American law has a range of penalties appropriate to the circumstances under which adults die. Was it in self defense? Was it negligence, such as leaving ice on your sidewalk? Was it an auto accident? Was it selling someone a harmful substance? It would be absurd for anyone to think that different penalties for deaths under different circumstances proves that some adults have less value than others!
Sometimes the impossibility of evidence, or of positively connecting an act to a death, makes prosecution for contributing to a death impossible. So rather than convict cigarette makers of murder, we force them to put disclaimers on their products, and we prohibit them from selling to minors.
Prolifers need to be thinking ahead to the kinds of enabling legislation we would support in the future. Does anyone want mothers penalized as much as abortionists, considering their very different levels of culpability? Historically mothers were penalized little because their testimony was needed against the doctors, yet another consideration that requires uneven penalties.
Historic penalties for abortion were for chemical or surgical abortions. Some birth control today, we don't really know how it works - whether it kills after conception or before. With others, we know sometimes it is after and sometimes before, but no one can know which it was in an individual case. It would also be impossible, most of the time, to gather any evidence of when, or whether, a woman took a pill or used some device. There is seldom any corpse to examine, and if there is one, it is too easily disposed of for prosecutors to ever recover. Therefore, while God can judge thoughts, human courts in this situation may have to throw up their hands at penalizing women for individual acts of murder. However, human law can go after those who sell the products.
But even if a practical way is found for human courts to deal with induced miscarriage, that very trail of evidence would distinguish it from natural miscarriage, which no lawmaker would criminalize.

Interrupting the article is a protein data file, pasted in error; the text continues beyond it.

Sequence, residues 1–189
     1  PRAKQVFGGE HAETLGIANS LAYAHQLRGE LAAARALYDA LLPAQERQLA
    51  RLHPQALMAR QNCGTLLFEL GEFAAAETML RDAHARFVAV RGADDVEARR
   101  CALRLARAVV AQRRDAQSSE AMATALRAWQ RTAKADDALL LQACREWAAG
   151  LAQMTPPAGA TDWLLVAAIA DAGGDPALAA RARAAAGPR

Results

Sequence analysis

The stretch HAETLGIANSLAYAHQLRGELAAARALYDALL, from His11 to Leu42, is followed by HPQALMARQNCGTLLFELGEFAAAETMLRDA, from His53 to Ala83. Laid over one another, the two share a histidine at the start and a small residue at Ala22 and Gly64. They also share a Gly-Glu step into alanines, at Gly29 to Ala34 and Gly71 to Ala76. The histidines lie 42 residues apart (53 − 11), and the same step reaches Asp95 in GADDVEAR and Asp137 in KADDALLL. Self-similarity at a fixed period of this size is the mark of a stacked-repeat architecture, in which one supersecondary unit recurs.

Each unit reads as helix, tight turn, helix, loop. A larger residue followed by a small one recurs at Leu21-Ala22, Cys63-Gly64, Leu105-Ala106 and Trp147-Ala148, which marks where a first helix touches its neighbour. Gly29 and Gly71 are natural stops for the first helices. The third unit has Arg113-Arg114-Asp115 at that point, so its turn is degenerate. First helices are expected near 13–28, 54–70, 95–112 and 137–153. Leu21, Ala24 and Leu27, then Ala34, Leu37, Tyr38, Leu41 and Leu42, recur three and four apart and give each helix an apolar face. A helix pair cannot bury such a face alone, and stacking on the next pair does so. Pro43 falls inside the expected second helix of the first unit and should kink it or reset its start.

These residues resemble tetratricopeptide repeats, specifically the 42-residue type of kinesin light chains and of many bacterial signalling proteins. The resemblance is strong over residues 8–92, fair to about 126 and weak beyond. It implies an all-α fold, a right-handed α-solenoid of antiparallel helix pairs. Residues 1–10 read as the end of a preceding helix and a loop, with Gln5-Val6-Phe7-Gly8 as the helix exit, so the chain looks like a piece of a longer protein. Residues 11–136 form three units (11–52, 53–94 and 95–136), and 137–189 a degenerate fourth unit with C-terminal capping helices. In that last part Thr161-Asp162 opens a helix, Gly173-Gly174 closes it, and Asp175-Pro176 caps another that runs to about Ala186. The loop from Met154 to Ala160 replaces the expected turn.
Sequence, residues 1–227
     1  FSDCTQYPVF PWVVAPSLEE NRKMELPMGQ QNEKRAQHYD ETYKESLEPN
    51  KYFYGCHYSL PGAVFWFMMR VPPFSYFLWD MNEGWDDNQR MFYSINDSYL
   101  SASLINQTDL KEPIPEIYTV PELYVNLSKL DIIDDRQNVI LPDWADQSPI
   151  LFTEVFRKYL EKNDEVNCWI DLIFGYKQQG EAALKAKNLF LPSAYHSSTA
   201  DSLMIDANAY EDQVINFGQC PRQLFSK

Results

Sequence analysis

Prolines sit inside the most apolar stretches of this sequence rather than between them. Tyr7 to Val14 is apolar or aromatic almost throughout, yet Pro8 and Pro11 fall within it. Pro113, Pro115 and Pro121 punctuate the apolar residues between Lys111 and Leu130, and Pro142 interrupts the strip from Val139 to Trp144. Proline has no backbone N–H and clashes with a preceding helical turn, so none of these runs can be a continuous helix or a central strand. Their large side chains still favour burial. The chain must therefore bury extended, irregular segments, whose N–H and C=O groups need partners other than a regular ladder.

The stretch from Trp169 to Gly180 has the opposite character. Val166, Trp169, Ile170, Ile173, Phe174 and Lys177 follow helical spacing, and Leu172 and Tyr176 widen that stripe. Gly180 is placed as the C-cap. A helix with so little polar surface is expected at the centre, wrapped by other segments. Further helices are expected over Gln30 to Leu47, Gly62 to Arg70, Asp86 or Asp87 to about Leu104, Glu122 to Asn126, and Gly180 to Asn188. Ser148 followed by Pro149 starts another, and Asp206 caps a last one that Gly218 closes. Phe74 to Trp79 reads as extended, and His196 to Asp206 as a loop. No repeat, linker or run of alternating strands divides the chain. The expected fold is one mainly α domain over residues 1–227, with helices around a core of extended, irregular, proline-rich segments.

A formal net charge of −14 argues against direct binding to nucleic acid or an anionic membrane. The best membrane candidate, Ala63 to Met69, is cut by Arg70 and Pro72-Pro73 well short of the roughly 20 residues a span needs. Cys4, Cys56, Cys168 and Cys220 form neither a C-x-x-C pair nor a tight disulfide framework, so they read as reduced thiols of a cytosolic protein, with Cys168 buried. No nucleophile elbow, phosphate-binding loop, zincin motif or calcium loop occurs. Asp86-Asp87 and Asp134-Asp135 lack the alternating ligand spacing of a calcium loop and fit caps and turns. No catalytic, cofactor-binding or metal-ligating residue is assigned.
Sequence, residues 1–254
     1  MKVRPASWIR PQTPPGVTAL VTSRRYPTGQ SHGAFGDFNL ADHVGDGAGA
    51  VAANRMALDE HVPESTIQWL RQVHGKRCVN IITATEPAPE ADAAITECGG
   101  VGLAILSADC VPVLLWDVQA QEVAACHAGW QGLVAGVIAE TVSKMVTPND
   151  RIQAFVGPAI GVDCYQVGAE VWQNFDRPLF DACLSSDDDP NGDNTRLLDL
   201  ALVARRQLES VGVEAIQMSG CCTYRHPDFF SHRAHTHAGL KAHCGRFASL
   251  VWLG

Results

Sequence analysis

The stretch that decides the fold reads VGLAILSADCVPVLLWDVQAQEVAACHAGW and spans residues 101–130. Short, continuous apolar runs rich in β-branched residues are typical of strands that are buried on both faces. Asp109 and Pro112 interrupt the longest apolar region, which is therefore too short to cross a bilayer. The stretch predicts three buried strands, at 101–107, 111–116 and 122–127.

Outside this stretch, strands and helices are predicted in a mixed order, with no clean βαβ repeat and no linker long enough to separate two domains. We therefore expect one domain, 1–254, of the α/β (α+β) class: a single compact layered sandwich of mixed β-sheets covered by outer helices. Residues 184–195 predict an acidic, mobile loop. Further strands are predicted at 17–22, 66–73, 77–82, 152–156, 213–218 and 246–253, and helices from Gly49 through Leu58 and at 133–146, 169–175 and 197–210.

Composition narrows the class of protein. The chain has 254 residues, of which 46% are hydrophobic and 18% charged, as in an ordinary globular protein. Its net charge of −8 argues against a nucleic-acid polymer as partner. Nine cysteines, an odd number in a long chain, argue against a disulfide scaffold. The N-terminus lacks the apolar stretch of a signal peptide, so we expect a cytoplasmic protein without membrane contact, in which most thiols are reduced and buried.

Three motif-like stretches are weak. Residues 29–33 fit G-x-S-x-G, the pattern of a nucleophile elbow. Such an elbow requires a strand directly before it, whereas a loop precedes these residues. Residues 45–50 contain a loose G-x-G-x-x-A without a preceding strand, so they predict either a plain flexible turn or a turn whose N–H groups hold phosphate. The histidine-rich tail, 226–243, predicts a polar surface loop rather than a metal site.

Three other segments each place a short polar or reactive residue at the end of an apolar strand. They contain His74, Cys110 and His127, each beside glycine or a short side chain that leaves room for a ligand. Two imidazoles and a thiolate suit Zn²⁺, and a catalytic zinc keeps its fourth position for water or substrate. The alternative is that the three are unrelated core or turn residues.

One of the greatest objections to outlawing abortion is the vision in the imaginations of way too many Americans of mothers on gallows. I think many prolifers would agree with me that the penalty for mothers should be far lower than for abortionists; first because abortionists are guilty of thousands of murders, not just one, and second because mothers range from the older, hardened, wicked, to the very young, deceived by public school propaganda, and under severe duress from relatives or rapists.
That reminds me of another Biblical factor we need to weigh: we can't convict people of crimes for which we are partly responsible. This is the message of the woman caught in adultery. See my article at http://www.examiner.com/article/the-woman-caught-adultery-how-u-s-law-fo...
Our culture is full of sexual lewdness and abortion. When we buy its music, its videos, and vote for politicians who promote it, do we share no responsibility for it?
How about sins of omission? Even those "evangelical" churches which have an annual sermon identifying abortion as sin, will not allow its members, on church premises, to organize to oppose it. That would be "political", to shine the light of the Gospel on sins which government protects. Consequently a huge percentage of Christians don't even vote, leaving the education of their own children in the hands of God's pro-death enemies. Do churches bear no responsibility for this? See www.Saltshaker.US.
According to this principle, the severity of a penalty must be appropriate to the purity of a society. The more Godly the society, the more obvious it is to a criminal - the more warning he receives from every quarter - that his contemplated behavior is wrong. Therefore, the greater his culpability. Conversely, the more wicked the society, the more God has had to "wink" at evil, while now calling all men to repentance, Acts 17:30.
If we would discuss, as a prolife community, the penalties we would consider appropriate for the whole range of threats to the unborn, I think we would heal this image of women on gallows that paralyzes prolife progress, and could achieve laws against abortion.
We who are the most committed to ending legal abortion actually have greater opportunity to remove this objection through this discussion, since the public thinks we are the most likely to lead those women to those gallows. If we can concur that is not our hope, much resistance to ending legal abortion will fall away.